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The Cove

Film exposes dark secrets of the deep.

January 21, 2010
Sarah Ruppenthal · Senior Contributing Writer

The Cove exposes the dark side of the multi-billion dollar dolphin entertainment industry (a bottle-nosed dolphin retails for $150,000, only to spend a life performing tricks at amusement parks and aquariums) and a clandestine market that sells mercury-tainted dolphin meat for human consumption.

This is no ordinary documentary film. It is a tense, action-packed and highly emotional rollercoaster that will keep you on the edge of your seat, tug on your heartstrings—and quite possibly ignite a flame of outrage. The film chronicles the valiant efforts of Ric O’Barry, the former dolphin trainer of five dolphins who starred as “Flipper” in the popular 1960s television series.

Today, O’Barry is an outspoken activist dedicated to revealing the plight of dolphins in captivity. Teaming up with filmmaker Louis Psihoyos and members of the Oceanic Preservation Society (OPS), he has embarked on a mission to reveal the dirty little secret kept by residents in the town of Taiji, Japan: The annual slaughter of thousands of dolphins in a hidden cove surrounded by “No Trespassing” signs and coils of thorny barbed wire. In nearly ten minutes of shocking, unprecedented footage captured by a covert, well-planned sting operation in the style of Oceans 11, Taiji fishermen are shown luring thousands of wild dolphins (also called “dolphin drive hunting”) into the cove to be systematically slaughtered.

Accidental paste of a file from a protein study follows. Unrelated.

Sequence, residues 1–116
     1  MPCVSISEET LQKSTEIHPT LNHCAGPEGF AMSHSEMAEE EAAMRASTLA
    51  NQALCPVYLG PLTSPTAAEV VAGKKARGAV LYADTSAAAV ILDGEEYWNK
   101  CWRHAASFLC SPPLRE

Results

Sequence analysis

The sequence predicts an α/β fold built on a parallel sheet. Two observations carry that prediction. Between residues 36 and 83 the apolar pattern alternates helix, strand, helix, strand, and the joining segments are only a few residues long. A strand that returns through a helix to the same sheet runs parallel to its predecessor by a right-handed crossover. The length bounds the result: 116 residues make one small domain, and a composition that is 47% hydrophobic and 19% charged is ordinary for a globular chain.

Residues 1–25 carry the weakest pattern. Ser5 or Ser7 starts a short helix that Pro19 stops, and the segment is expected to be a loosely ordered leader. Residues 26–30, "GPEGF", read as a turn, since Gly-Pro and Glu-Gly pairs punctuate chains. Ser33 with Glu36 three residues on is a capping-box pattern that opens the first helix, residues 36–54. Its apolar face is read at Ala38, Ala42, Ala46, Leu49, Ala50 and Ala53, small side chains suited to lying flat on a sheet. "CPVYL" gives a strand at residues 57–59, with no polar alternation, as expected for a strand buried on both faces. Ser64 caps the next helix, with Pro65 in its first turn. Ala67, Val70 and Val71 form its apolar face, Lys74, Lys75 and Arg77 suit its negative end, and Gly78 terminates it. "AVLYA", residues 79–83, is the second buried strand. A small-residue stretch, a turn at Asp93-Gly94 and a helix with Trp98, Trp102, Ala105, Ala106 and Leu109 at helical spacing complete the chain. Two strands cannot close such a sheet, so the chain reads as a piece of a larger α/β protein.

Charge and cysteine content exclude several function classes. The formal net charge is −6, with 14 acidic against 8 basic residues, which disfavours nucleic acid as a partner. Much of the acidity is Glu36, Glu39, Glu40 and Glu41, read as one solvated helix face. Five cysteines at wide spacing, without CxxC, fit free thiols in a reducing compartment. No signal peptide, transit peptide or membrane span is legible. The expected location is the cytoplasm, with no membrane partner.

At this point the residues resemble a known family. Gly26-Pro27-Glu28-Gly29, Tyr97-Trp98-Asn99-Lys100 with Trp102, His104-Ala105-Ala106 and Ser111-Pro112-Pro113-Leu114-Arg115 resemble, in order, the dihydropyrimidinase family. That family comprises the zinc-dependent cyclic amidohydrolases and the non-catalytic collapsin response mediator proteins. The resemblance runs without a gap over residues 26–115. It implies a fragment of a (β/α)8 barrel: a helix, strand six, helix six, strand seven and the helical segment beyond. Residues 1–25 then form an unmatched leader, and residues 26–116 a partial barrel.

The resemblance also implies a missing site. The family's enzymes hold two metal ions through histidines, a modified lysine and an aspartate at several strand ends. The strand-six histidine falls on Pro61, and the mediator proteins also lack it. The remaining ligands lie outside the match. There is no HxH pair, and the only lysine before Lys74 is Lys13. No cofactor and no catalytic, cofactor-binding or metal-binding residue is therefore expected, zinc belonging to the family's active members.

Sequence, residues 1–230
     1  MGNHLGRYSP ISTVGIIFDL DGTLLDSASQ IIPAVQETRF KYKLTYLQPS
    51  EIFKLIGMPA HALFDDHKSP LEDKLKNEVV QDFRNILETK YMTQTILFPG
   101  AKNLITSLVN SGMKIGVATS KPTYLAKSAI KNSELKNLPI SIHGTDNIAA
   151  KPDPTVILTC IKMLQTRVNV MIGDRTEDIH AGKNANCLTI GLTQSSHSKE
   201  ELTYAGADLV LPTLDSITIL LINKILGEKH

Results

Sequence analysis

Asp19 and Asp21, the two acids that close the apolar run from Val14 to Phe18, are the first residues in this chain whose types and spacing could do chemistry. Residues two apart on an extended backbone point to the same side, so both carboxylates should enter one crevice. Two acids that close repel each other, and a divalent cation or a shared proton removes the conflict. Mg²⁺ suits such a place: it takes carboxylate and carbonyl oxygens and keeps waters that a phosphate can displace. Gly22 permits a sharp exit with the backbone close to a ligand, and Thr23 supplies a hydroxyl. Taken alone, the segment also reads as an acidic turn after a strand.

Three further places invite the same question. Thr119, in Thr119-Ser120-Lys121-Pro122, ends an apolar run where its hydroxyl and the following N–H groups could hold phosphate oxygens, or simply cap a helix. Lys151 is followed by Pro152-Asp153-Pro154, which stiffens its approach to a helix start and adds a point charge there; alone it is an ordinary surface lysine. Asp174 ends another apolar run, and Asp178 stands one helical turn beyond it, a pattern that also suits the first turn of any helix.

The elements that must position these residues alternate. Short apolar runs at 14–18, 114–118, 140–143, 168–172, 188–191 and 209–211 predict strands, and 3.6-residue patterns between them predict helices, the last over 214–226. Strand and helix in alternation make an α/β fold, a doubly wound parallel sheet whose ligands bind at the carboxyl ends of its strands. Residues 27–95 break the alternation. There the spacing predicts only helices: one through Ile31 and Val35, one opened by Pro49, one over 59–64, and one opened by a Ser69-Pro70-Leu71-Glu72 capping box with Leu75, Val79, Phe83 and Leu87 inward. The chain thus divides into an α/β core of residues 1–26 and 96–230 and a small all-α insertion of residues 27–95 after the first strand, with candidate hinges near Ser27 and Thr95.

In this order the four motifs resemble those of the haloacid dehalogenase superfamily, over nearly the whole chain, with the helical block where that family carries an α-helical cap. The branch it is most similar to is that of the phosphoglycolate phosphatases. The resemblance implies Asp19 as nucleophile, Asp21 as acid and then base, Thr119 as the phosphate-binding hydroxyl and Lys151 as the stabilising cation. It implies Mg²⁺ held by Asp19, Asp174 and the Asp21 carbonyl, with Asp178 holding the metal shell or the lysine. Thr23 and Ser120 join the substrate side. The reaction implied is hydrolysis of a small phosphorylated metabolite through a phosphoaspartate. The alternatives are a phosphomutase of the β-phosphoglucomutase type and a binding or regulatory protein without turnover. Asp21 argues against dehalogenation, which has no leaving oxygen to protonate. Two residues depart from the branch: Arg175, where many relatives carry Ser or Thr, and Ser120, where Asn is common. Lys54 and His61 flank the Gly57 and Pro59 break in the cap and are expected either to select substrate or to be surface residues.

Article Photos

Sarah Ruppenthal
Senior Contributing Writer

For those who have not seen it, I won’t spoil the ending of the film, but be warned: The images are visceral—not for the faint of heart or weak of stomach. But it’s reality, and the kind that will compel you to take action. I did. As the credits rolled The Cove, I wiped away the last of my tears, blew my nose and grabbed my laptop. Within minutes, I had scoured the OPS Website, signed a petition, requested a monthly newsletter and joined The Cove’s Facebook group. And I wasn’t alone.

But despite the attention garnered by the film, the annual Taiji dolphin drive hunt has commenced once again.

In a statement posted on savejapandolphins.org, O’Barry wrote, “At the Cove in Taiji, the dolphin killing continues. Although the killing of bottlenose dolphins—the primary target species—has dramatically decreased compared to previous seasons, they, along with other dolphin species, including many pilot whales and Risso’s dolphins, continue to be captured for aquariums and slaughtered for meat by the Taiji fishermen. The fight for the protection of all marine mammals goes on.”

 
 
 

 

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